Tuesday, September 20, 2016

The Philadelphia Vireo Surrenders!

On Saturday morning, I went into the park nearly hopeless in my search for a Philadelphia Vireo. But I still didn't let a slight chance slip by me. I went to Maintenance Meadow, which seemed to be the most reliable spot for them. I spot a vireo, and it's a Red-Eyed. Good start for a comparison. Then, I spot another vireo that was smaller, grayer and yellower. A look at the yellow underside confirmed my suspicions of it being a PHILADELPHIA VIREO (#155)! This bird was probably the same one that was seen over the previous few days. Other than this, it was pretty quiet that day. With my last regular migrant out of the way, it's all up to rare migrants, wandering birds, and vagrants to push my year list past 158 species.

Saturday, September 17, 2016

Failadelphia Vireo

On Thursday, several Philadelphia Vireos were found around Central Park. This would be a lifer for me, one of my two major fall targets for the year (the other was the Connecticut Warbler I found on the 6th). I went into the park that afternoon, and heard two had been seen at the Point. I ran into Ryan along the way and we agreed to split up, with him taking Maintenance Meadow for one seen earlier in the day. At the Point, I got the call that the bird at Maintenance Meadow was being seen again as I was looking at a suspicious bird. It turned out to be a Cape May Warbler. Good, but I had seen several this season. I went to Maintenance Meadow and found out I had missed the bird by a few minutes. I stayed for an hour, looking through suspicious shapes in the trees, but failed to turn up a Philadelphia Vireo. However, I did see many other nice birds that day, including a flock of several Rose-Breasted Grosbeaks in some shrubs at Azalea Pond. On Friday, the vireo at Maintenance Meadow was seen again. I looked for a long time, but still didn't see it, although there was a Common Yellowthroat without a tail there for some reason. That day there were much less birds. More attempts will be made for Philadelphia Vireo over the next couple of days.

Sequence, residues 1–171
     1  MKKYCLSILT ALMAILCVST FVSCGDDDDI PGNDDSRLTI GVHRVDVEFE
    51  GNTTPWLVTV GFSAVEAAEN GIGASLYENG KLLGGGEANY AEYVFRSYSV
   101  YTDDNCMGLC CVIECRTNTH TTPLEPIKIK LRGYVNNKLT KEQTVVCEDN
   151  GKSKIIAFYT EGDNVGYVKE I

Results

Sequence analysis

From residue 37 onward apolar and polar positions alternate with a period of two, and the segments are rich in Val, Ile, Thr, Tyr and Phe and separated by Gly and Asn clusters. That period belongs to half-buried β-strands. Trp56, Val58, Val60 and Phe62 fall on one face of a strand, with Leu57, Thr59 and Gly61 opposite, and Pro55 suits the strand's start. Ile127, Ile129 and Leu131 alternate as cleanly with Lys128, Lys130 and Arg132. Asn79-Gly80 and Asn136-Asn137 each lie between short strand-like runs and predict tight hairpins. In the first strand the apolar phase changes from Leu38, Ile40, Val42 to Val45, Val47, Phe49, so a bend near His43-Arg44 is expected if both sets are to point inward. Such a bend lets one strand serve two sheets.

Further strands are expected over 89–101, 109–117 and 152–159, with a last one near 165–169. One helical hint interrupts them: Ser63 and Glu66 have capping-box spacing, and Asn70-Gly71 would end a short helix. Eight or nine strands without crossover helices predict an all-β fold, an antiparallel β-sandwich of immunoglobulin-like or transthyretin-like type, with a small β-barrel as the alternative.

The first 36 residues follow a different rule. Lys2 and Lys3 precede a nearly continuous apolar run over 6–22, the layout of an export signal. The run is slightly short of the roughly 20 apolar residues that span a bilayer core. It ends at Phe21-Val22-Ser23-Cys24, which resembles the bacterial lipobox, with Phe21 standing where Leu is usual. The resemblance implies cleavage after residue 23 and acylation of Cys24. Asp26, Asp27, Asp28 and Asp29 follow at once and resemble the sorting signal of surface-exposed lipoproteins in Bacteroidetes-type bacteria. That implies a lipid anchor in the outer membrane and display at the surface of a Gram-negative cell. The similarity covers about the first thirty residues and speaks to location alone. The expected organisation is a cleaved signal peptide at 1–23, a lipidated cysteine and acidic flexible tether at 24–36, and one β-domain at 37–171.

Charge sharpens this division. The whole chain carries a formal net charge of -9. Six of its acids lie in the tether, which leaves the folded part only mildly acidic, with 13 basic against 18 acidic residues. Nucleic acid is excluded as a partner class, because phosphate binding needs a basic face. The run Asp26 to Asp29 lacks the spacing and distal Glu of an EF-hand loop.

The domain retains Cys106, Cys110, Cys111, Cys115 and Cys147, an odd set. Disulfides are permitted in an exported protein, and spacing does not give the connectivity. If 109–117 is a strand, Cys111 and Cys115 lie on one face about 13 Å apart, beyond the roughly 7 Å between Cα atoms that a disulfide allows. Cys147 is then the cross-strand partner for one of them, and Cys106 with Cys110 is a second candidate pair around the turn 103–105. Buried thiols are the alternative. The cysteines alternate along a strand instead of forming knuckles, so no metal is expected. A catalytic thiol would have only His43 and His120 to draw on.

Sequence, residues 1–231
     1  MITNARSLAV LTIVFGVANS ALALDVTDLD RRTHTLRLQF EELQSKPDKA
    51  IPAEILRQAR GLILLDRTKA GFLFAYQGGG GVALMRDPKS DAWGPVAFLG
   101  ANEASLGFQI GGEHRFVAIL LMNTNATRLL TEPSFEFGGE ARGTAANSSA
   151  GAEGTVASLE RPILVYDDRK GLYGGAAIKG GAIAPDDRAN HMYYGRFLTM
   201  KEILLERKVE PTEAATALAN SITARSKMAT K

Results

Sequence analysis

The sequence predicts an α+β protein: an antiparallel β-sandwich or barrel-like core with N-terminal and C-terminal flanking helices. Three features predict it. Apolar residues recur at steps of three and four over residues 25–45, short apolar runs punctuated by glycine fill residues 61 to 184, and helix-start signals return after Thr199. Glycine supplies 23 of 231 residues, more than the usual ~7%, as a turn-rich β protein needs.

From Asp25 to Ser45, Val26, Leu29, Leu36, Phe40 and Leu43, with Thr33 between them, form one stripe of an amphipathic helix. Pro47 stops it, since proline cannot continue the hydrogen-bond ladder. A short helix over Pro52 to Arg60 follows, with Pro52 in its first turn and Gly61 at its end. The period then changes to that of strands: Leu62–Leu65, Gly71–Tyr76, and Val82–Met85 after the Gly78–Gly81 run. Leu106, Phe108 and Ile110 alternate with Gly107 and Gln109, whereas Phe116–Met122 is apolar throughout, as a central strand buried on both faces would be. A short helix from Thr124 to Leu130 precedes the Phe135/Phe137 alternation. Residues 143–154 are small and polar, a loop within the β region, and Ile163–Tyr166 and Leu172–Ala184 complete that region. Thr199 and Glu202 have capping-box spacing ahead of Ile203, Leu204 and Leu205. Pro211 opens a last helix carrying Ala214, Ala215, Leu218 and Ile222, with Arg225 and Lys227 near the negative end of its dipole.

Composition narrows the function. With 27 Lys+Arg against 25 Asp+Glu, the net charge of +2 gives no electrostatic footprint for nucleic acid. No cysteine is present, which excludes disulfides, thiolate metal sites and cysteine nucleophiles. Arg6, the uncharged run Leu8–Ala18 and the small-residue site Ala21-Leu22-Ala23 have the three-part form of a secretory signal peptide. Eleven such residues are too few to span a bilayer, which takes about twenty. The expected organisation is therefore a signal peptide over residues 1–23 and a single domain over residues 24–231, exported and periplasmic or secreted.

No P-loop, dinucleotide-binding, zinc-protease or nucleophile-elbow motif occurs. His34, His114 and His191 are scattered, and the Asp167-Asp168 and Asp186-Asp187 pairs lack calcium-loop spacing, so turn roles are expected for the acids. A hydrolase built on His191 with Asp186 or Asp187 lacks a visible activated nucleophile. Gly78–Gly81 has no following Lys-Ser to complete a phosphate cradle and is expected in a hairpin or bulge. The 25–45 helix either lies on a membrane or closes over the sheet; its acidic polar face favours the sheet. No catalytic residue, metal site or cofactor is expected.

Sunday, September 11, 2016


On Tuesday morning, I went to Central Park hoping for some warblers, since I had nothing to do that day. Before I even got into the Ramble, I spotted a small flock of warblers at the Pilgrim Statue (near the East 72nd Street entrance). As I positioned myself around the flock to pick out the birds (which were mostly redstarts and one parula.), I flushed a warbler from the huge patch of short shrubs below the grove of trees. At first I thought it was a Common Yellowthroat. After all, this seemed like habitat one would like. But then I glanced over where the bird landed and I saw it walking on the ground! This suggested it might be a rare Connecticut Warbler. I knew I must get better looks at it! However, this bird was very skulky, as Connecticuts typically are. After a few minutes of strategic flushing and brief looks, I saw all the field marks of this grey and yellow bird, I was finally able to deduce that I had found Central Park's first CONNECTICUT WARBLER (#153) of the season in a place no one would expect! I soon lost the bird and after a few minutes trying to refind it, I decided to head into the park looking for more warblers and alerting people of the Connecticut. The Ramble did not have a lot of birds (but did have a continuing Hooded Warbler at the Swampy Pin Oak), so I headed to the Pinetum, where I had warblers earlier, particularly on the eastern side (nobody goes there). I started on the western side, which had barely anything, save for an early BROWN CREEPER found by 2 other birders. I then went to the eastern side, where the optimal scenario played out. I found several species of warbler, including Cape Mays and Blackpoll, and also found other passerines such as empids and Scarlet Tanager. Back to the Connecticut, about an hour and a half after I lost the bird, birders who got word of my sighting refound the Connecticut Warbler in the same patch of shrubs where I saw it. On the way out of the park, I decided to visit the site one more time to try and get better views of the bird. Fortunately, the warbler gave great views, at times being in the open. A great day today, with multiple rarities for this time of year, and a good amount of birds.